I will point out that this book has a non traditional structure. Certain components of T cells and B cells are combined. Some medical school courses use that format while others still do T cells and B cells separately. I have been involved with courses that teach T cells and B cells separately, but the students still seem to find this book helpful.

    While the focus of my reviews on the structure and usablity of the book (as it is usually the focus of medical students), I find the book up-to-date and of an appropriate depth.

  3. Very helpful text, with many clear and concise diagrams. I thought it provided pretty clear coverage of the material we needed to know as a first year medical student. Helps that the guy who wrote it was my teacher.

  4. The book is organized well and would seem to offer a great explanation of immunology, other than the fact that the author’s writing style is very wordy and kind of weird in my opinion. I don’t really understand sentences fully the first time I read them, and not because of the content but because of how it is written. I think it’s a very passive and wordy writing style. That’s just my opinion though. It seem to be a great book, but I don’t like his sentence structure and word order. I’ll give an example:

    On page 13, the author gives an overview on how antigens are presented to T cells and B cells. In the first few sentences, he says that specialized cells present antigens to T cells. In the next few, he addresses how antigens are presented to B cells like this: “Less is known about cells that may capture antigens for display to B lymphocytes. B lymphocytes may directly recognize the antigens of microbes (either released or on the surface of the microbes), or macrophages lining the lymphatic channels may capture antigens and display them to B cells.” The use of the word ‘may’ makes it seem like it is not understood how antigens are presented to B cells, and they may do this or they may do that, we don’t know. But you later find out that they do both (at least as far as I know), and the author probably should have used the word ‘can,’ as in they can do this or they can do that, but we don’t know a lot about it.

    I’d suggest reading a little bit of the book in the preview to see if you like it. If you do like the writing style, the book is great. Everything is laid out well and its all good information with great explanations without any fluff.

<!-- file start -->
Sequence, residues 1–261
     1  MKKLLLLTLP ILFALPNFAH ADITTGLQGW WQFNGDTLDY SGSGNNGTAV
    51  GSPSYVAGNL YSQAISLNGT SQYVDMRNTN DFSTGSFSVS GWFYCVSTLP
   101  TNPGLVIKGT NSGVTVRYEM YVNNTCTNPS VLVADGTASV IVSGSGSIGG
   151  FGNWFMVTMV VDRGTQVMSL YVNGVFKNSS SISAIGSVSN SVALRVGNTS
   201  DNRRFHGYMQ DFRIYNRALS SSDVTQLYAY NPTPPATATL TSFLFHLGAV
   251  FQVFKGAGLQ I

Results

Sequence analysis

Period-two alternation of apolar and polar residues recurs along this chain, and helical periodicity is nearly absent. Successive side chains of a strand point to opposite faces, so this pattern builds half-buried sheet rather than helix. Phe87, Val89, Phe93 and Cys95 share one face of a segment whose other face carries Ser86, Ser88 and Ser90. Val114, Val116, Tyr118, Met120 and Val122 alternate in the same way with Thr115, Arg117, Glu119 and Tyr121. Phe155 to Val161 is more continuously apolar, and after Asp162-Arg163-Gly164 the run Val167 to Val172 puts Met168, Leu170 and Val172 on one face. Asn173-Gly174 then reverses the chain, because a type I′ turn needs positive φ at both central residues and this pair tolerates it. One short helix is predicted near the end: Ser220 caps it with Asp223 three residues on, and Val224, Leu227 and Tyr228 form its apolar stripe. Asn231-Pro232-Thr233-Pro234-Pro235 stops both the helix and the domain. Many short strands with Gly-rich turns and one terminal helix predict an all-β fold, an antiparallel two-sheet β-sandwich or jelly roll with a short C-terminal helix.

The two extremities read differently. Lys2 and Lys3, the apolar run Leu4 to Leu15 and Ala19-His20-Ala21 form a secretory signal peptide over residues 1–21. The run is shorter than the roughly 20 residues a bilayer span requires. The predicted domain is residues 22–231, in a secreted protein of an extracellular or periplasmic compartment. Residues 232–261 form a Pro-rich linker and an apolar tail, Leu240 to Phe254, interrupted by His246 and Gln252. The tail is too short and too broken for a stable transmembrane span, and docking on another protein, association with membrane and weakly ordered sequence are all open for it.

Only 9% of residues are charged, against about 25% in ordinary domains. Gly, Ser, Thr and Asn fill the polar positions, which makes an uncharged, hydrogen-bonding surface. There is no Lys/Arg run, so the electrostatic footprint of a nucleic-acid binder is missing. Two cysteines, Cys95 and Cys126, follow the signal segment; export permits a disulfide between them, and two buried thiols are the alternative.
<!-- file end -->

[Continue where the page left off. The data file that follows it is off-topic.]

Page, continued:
Edit: I’ve read more of the book now, and I like it a lot more.Read more ›

  5. I have been struggling to find a source that is comprehensive enough to prepare me for USMLE while not overwhelming me with information, and I am happy to say that this book is just the right one. Dr. Abbas does a great job of presenting the information in a way that is understandable while making sure that the level of content is appropriate for a medical student. If you are a graduate student in immunology this book would be too basic, but for medical students with little background in the subject, it works really well.

  6. This book is a good compromise in the sense that it has enough content to prepare students well for medical school but does not overwhelm them with detail. It is a great package together with Abbas’s bigger Immunology book – use this for undergrad studies and then move to the bigger “Cellular and molecular immunology” for grad studies.

    The only reason I give it only 4 stars is that it is not as easy to read as the Kuby or Janeway. The Abbas tends to mention complex subjects that have not been explained, and then throws in a short definition of these. This makes it more difficult to read, but it is also more concise than the Kuby and Janeway. I don’t think this is a problem, but I can see that my students might find that difficult.